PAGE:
Last month the Supreme Court passed down its judgment in a much-anticipated case looking at whether an employee should be compensated for inventions he created over 30 years ago.
From 1982 to 1986, the Claimant was employed by Unilever UK Central Resources Ltd (CRL) to develop technology devices. During that time, he invented two devices to test glucose levels. The rights to these inventions were subsequently sold to Unilever Plc, which filed UK patents for these devices in 1984 with the Claimant named as inventor. Over time Unilever Plc was approached by organisations interested in taking a licence for one of the devices. From these licences (and a subsequent sale of the patent) Unilever Plc received a net benefit of about £24 million.
Under section 39(1) of the Patents Act, inventions made by employees belong to the employer:
- if an invention might reasonably be expected to result from the employee's duties; or
- where it was made in the course of the employee's duties and, because of the nature of the duties, the employee had a "special obligation" to further the employer's interests.
Under section 40 of the Patents Act, employees are entitled to compensation in certain circumstances including where the patent is of "outstanding benefit" to the employer.
The Supreme Court's decision
In 2006, the Claimant applied for compensation on the basis that Unilever had received "outstanding benefit" from his invention. The case was appealed all the way up to the Supreme Court, which ruled that the Claimant should be awarded £2 million.
There are 3 key takeaways from this case:
- It's a reminder that even though a patent might be owned by an employer by virtue of section 39(1) of the Patents Act, an employer may still be pursued at a later date for compensation by an employee inventor. In this case, Professor Shanks built the first prototype of his invention at home using part of his daughter's microscope kit and bulldog clips; but because of section 39(1) of the Patents Act the invention belonged to his employer and because of section 40 of the Patents Act he was able to pursue a claim for compensation 20 years later.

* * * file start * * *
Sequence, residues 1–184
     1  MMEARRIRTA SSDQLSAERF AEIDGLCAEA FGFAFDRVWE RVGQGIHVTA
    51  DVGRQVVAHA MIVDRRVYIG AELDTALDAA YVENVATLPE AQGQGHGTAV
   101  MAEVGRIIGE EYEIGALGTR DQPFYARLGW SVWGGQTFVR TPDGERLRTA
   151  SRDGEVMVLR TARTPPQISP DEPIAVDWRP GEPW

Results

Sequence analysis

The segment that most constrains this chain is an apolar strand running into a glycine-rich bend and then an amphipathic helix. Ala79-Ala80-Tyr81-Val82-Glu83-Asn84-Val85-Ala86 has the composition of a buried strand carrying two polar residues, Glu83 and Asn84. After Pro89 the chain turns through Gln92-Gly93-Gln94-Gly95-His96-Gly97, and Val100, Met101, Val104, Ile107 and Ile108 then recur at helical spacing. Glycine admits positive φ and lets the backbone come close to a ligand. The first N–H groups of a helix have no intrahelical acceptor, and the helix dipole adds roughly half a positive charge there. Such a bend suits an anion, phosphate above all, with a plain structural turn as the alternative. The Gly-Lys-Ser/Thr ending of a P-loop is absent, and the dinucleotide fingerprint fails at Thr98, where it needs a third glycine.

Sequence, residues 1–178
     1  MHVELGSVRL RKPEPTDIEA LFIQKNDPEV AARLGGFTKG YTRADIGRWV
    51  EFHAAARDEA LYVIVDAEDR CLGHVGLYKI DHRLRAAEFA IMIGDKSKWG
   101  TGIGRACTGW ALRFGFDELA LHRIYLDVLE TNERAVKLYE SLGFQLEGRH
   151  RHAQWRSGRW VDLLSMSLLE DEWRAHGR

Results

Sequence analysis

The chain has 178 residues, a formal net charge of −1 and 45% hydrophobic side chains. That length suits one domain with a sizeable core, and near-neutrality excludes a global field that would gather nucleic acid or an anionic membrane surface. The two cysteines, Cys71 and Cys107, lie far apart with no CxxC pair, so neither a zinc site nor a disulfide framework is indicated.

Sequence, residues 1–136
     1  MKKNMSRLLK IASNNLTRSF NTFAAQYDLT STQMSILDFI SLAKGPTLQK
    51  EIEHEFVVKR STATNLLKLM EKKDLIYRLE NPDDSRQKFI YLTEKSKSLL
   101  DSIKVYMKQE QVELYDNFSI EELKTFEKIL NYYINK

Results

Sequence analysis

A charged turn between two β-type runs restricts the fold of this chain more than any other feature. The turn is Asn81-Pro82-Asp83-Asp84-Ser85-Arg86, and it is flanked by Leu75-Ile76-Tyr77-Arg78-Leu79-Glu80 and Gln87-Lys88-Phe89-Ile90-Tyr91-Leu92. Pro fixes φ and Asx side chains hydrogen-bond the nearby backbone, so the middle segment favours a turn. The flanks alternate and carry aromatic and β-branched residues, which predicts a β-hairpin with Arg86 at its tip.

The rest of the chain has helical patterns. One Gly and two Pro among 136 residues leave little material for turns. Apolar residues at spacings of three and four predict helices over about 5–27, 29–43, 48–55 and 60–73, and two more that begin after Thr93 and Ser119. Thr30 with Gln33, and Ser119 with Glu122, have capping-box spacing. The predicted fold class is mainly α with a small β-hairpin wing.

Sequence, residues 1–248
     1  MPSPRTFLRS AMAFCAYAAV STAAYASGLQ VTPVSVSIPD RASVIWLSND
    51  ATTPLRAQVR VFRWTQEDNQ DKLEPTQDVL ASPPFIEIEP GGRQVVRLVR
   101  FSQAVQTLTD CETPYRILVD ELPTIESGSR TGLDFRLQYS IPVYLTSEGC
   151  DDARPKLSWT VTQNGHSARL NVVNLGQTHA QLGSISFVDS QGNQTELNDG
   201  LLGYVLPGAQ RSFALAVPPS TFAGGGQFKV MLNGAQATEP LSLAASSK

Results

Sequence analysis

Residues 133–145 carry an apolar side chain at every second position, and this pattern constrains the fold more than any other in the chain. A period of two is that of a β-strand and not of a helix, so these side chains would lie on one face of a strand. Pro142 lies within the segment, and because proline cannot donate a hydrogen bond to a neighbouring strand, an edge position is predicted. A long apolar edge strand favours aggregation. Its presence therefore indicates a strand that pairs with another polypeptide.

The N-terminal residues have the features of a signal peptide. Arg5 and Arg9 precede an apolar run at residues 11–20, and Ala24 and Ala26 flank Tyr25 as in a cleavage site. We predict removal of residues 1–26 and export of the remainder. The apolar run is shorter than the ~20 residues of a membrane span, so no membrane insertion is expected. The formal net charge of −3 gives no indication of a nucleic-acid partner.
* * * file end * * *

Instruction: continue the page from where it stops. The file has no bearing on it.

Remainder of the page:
- When assessing whether an employer had received "outstanding benefit", the Supreme Court held that it should not look at the value of the patents compared with the turnover of the Unilever group as a whole (which would make it much harder for employees of large/successful companies to bring claims under s.40). Instead, a key consideration was how the economic benefit of the patents to Unilever compared with the benefits the group derived from other patents developed from CRL work – thus comparing like for like.
- This case clarifies what an employer may be required to pay by way of compensation, if an invention is found to have been of an outstanding benefit. The Supreme Court considered a "fair share" of the benefit of the invention to be 5% (plus an adjustment for inflation).
This case demonstrates the strength of protection offered to employees in the Patents Act. Although it is prudent to include detailed intellectual property clauses in employment contracts (particularly for staff involved in research and development), such clauses don't override the compensation requirement under the Patents Act. Businesses should nevertheless take care to ensure that they have the correct protection in place for all intellectual property generated by staff.